When Lou Piniella was a player for the New York Yankees, he once flung his batting helmet in the dugout in anger and grazed the head of his manager Bob Lemon.
“But that was a ricochet,” said Piniella’s Yankees’ teammate Fred Stanley, defending his buddy. “It bounced off two things first. It was not an all-out assault.”
Just the same, Lemon started wearing a helmet in the dugout after that, just in case.
Piniella, now the manager of the Chicago Cubs and two years removed from his last serious temper tantrum when he kicked dirt on the shoes of the third-base umpire (who acted all offended as if somehow this was unexpected), finds himself in a little bit of an awkward position.
This week alone, Piniella has had two players ejected and two take their bats to the new drink dispenser in the dugout as if it was a giant orange piñata. These incidents shockingly did not involve Milton Bradley, a player who once had to be physically restrained from running up to his team’s TV booth in full uniform to yell at a broadcaster who said he lacked self control.
On Wednesday, Piniella’s pitcher, Carlos Zambrano, put on a show that had one Internet outlet calling it “one of the top meltdowns ever,” strong words in a sport that boasts more babies per square inch than your average daycare center.
Zambrano, arguing a call that, naturally, was incontrovertibly correct, was thrown out of the game by the home plate umpire and responded by trying to throw out the umpire. When that didn’t work, Zambrano threw the ball into the outfield and then proceeded to attack the Gatorade dispenser.
Piniella raced out of the dugout to help restrain Zambrano, which is required of all baseball managers when one of his players is seriously disturbed, but Piniella could barely contain the giggles as he watched Zambrano give the ump the heave-ho.
It’s hard for Piniella to act all self-righteous when one of his players acts like a two-year-old, since he was the poster two-year-old as a player.
But now Zambrano faces a suspension, which means that just as he’s maybe returning to form after a stint on the disabled list, he will be on the bench again.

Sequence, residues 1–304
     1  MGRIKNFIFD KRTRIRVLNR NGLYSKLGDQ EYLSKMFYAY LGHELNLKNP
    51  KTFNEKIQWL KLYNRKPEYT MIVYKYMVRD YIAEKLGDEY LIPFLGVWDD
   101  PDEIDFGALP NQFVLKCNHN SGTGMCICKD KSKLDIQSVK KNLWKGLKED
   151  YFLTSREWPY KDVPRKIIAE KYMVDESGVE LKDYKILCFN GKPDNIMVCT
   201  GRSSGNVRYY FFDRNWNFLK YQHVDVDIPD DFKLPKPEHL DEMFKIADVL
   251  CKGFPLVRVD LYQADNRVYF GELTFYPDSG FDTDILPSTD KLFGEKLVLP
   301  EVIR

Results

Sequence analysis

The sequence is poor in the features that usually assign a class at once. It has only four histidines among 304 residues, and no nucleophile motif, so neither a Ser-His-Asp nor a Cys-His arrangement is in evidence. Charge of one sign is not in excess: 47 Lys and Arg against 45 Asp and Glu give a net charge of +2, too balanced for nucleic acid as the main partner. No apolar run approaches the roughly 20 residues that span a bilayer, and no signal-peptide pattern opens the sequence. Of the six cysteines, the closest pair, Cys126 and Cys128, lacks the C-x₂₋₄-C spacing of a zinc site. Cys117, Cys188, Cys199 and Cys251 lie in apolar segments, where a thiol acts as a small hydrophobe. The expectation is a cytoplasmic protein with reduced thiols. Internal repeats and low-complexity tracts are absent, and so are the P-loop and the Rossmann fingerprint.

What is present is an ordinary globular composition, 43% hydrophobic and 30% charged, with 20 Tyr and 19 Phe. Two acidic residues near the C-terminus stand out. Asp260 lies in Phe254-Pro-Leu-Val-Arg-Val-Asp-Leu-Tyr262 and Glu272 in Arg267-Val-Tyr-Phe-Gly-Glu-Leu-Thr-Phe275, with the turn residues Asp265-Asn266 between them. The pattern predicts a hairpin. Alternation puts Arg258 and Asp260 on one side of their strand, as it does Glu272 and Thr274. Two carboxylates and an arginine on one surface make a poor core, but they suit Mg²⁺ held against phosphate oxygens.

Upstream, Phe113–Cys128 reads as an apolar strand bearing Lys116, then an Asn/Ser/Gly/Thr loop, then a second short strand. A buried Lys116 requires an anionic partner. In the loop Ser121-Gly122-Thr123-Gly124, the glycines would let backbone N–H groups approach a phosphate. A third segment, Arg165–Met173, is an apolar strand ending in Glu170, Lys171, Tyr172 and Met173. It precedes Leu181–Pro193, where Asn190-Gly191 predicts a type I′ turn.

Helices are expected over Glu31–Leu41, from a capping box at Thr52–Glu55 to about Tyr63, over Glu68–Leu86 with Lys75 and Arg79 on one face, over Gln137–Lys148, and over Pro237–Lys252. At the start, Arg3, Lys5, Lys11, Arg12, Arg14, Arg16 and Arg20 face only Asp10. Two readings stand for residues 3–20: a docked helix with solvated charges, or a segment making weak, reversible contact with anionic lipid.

Every sport has its goofballs. Hockey has its goons. But there is still a certain honor there that is not present in the seemingly more dignified sport of baseball. I am watching Wednesday night, as the Chicago Blackhawks line up, as hockey tradition dictates, and shake hands with the Detroit Red Wings after their overtime loss in overtime sends Detroit to the Stanley Cup Finals against the Pittsburgh Penguins.
Like they’re taught in pee-wees, they go down the line saying, “Good job,” to opponents who only minutes earlier tried to rupture their spleens.
Hockey is, well, charming as hell.
The Red Wings refused to touch their conference trophy after their victory, because they didn’t touch it last season and they went on to capture the Stanley Cup.
That’s a tradition as well. You don’t touch something as trivial as a conference trophy in hockey, you barely look at it, because it’s not the big one, the Stanley Cup, the one that demands your full respect and attention.
The Penguins touched their conference trophy, though. They put their fingerprints all over it, even carried it around. Why? Because they didn’t touch it last year and they lost to Detroit in the Stanley Cup Finals.
How do you not love this sport?
Baseball players don’t shake hands with their opponents. They act like babies and beat up drink dispensers and reduce their managers to those parents you feel sorry for in preschool when their kid is the biter.
You suspect Piniella will handle things. He’ll explain to Carlos why it’s wrong to try to throw the umpire out of the game and to swing your bat in the dugout.
And if that doesn’t work, Piniella can always start wearing a helmet.